Tag Archives: lesbians

The Top 10 Posts of 1918

Just two days to go in My Year in 1918! After spending 2018 reading books, magazines, and the news as if I were living a century ago, I’m excited but also nervous about returning to the modern world.

Before that, though, I thought I’d count down the most popular posts of the year.

The Top 10 (well, really 11 because there’s a tie at #10)

Illustration from Daddy-Long-Legs by Jean Webster captioned Judy Wins the Fifty Yard Dash.

Illustration from Daddy-Long-Legs by Jean Webster

10 (tie). Dear Daddy-Long-Legs, Drop dead! In this February post, I reread the Jean Webster classic, in which an orphan writes to the benefactor who’s putting her through college. An aspect of the story that seemed charming to 12-year-old me struck me as creepy this time around. (No spoilers here, but I spoil away in the post itself.)

July 1918 George Lepape Vanity Fair cover showing startled flapper looking at caterpiller on wallpaper.

10 (tie). The best and worst of June and July 1918: Insanity, proto-flappers, and octopus eyes. This post, featuring one of my favorite magazine finds of the year, the American Journal of Insanity, the worst New York Times editorial I read all year, which is saying a lot, and Murad cigarette art, probably benefited from sitting at the top of the blog for two weeks while I was in D.C. being lazy.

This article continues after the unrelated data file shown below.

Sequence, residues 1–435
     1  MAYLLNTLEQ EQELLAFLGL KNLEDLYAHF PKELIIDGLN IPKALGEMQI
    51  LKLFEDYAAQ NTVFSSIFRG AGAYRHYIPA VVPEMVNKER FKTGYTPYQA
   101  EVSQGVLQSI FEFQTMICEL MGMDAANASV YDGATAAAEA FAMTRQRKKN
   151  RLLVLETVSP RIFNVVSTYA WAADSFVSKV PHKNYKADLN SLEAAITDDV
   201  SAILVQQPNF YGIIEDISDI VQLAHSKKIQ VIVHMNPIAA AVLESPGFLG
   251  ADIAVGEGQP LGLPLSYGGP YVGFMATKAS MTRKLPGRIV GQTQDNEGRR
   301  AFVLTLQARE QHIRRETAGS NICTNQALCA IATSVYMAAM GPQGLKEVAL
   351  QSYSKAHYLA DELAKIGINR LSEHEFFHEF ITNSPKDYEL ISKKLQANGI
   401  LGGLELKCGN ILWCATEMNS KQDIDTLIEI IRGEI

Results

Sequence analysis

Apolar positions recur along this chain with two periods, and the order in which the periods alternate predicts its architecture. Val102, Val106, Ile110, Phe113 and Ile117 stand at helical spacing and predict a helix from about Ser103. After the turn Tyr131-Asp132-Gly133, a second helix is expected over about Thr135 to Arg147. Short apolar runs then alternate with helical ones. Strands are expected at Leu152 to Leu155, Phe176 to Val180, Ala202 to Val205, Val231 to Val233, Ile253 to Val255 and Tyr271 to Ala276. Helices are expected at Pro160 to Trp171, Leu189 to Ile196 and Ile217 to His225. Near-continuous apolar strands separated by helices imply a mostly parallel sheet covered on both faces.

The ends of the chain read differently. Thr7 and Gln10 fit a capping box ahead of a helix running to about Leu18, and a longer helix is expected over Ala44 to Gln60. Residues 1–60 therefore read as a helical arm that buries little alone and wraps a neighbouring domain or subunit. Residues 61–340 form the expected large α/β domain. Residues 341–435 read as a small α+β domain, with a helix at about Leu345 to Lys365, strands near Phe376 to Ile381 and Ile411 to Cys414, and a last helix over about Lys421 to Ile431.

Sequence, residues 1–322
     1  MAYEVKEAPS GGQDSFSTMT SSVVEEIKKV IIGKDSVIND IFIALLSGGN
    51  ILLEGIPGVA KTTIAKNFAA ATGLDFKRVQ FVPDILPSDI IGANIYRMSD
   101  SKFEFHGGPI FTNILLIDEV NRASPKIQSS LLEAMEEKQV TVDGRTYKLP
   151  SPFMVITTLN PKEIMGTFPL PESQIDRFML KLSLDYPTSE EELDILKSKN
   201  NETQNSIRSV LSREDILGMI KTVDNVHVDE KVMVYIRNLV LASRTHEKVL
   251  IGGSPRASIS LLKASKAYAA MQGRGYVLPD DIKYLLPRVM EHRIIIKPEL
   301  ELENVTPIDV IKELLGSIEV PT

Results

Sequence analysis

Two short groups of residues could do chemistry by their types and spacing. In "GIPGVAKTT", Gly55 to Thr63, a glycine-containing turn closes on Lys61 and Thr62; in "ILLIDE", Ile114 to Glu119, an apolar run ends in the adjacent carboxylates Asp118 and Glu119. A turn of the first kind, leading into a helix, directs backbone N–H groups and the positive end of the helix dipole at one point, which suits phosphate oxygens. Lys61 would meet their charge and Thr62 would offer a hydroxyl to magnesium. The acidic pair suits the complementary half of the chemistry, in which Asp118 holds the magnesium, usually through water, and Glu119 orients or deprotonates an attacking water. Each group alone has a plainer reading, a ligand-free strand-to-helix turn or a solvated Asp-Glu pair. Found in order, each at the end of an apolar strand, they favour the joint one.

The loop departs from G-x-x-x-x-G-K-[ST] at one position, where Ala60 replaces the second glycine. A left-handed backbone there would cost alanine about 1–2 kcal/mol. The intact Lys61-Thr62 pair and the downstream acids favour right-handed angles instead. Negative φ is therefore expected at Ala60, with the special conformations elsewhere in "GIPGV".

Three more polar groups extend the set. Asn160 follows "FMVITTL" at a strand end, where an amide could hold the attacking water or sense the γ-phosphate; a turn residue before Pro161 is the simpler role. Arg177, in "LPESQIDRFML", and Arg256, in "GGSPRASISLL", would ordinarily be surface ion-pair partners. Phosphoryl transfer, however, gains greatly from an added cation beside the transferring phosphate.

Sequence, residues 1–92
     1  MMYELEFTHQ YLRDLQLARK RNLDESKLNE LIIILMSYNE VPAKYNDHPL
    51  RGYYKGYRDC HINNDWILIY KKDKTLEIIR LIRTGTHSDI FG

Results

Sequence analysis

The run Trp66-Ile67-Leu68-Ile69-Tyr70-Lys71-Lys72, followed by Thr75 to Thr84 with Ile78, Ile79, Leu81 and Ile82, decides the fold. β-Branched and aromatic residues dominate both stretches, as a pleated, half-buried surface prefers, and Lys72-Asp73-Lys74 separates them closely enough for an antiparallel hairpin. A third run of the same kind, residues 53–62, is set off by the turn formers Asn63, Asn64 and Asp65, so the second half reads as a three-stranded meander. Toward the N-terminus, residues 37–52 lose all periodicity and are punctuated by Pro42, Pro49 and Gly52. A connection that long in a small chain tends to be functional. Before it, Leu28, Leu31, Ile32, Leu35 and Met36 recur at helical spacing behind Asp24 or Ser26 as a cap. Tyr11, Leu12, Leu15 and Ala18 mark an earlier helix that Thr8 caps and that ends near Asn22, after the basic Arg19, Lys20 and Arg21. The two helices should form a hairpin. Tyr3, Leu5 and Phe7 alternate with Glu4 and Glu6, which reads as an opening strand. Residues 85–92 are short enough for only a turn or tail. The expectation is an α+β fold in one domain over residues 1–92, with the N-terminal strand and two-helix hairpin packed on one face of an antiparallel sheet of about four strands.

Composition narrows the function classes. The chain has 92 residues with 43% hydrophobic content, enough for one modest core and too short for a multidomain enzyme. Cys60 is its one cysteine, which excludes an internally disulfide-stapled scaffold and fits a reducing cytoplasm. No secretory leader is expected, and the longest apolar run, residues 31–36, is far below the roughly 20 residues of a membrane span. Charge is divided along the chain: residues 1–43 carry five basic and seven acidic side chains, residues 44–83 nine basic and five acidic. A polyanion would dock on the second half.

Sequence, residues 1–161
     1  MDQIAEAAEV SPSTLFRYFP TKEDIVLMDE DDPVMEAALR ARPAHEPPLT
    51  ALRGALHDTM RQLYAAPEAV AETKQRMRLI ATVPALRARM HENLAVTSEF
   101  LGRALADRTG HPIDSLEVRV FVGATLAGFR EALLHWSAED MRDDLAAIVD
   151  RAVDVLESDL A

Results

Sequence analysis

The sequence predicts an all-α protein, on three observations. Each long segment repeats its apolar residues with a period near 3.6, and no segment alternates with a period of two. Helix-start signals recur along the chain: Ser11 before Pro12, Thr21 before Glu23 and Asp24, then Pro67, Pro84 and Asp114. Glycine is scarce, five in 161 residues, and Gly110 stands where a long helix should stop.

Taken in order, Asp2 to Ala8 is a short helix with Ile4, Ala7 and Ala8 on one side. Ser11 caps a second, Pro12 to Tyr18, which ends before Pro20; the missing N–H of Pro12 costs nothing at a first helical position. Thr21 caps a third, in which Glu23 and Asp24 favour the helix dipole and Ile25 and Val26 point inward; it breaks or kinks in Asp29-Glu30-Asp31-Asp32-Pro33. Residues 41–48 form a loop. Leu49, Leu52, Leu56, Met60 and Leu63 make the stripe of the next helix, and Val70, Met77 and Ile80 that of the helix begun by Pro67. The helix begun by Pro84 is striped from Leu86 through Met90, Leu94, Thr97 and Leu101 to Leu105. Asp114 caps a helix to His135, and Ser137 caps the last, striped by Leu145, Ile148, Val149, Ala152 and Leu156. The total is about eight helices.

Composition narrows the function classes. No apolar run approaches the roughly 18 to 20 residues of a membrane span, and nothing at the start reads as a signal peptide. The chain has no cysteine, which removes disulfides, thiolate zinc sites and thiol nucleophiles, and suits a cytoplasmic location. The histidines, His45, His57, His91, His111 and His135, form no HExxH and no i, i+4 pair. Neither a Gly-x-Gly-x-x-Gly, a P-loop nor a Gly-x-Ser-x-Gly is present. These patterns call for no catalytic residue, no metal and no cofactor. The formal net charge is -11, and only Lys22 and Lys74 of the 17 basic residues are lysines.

Hugo Geller March 1918 Liberator cover illustration, cutout of bearded man.

9. My Year in 1918: Some thoughts at the halfway point. In which I ruminate about life as a literary time traveler, and about how checking out of the 2018 news has affected me.

Headline of March 1918 Ladies' Home Journal article titled If You are 40 or Over, How You Can Keep the Silhouette of Youth

8. Wish me luck on my 1918 diet! Surprise surprise—people like reading about diets. My Year in 1918 had its best week ever with this October post on how I tried to regain the silhouette of youth by going on a 1918 diet, spurred on by a group DietBet.